WON'T YOU BE MY NEIGHBOR? John Bolton used to be a lot less shitty.

Was Fred Rogers—the writer, producer, and star of Mister Rogers’ Neighborhood—really a soft-spoken, sweet-tempered man? Spoiler alert: Yes, he was! Finally, one single thing has escaped your childhood without scandal! It’s too bad Rogers isn’t still with us to make a special episode about how to pick up the pieces of all the other things the adult world has ruined, but for the 90 scant minutes of Won’t You Be My Neighbor?, everything really does feel fine.

As documentaries go, Neighbor is pretty boilerplate; all its shine comes from its subject. Longtime music documentary filmmaker Morgan Neville knows his way around the fill-in-the-blanks doc format, and Neighbor flows with easy pacing and charming archival footage. It hits all the Rogers marks: his line about looking for the helpers, his passive attempts at standing up to societal injustice, and the origins of Lady Elaine. I walked in wanting to be soothed, and I walked out with a valuable, if sentimental, sense of peace.

That said, I don’t think Fred Rogers was a “second Christ,” as his son actually calls him. Certainly, his professional life was charmed, and his show ran for an exceptionally long time. But any creative person watching Neighbor will be relieved to hear Rogers talk about how much he struggled to write the show’s scripts. He wasn’t magic. He was a real person who worked hard at a thing he studied extensively.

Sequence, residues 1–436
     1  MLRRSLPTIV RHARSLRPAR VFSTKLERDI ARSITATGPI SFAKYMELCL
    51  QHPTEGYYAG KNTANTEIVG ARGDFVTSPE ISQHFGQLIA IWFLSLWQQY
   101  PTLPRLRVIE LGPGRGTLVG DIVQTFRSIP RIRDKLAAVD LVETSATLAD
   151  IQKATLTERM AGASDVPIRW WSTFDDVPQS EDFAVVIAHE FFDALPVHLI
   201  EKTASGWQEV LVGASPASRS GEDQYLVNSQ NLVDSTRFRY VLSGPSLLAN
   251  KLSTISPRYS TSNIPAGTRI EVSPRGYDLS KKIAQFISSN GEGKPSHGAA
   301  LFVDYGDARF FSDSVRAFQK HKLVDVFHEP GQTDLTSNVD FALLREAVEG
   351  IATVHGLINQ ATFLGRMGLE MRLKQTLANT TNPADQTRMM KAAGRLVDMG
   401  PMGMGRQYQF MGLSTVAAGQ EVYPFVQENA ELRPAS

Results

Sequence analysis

There are plenty of people in our world, especially people who work with children, who are just as kind and who work just as hard. We do ourselves a disservice when we put Rogers on a pedestal, acting like his purpose and his empathy are beyond our reach. Neighbor seeks to continue a mythology of Rogers’ greatness, but I think Rogers would rather a viewer came away ruminating on his persistence, his lifelong self-doubt, and how much he cherished the simple gratitude he received along the way.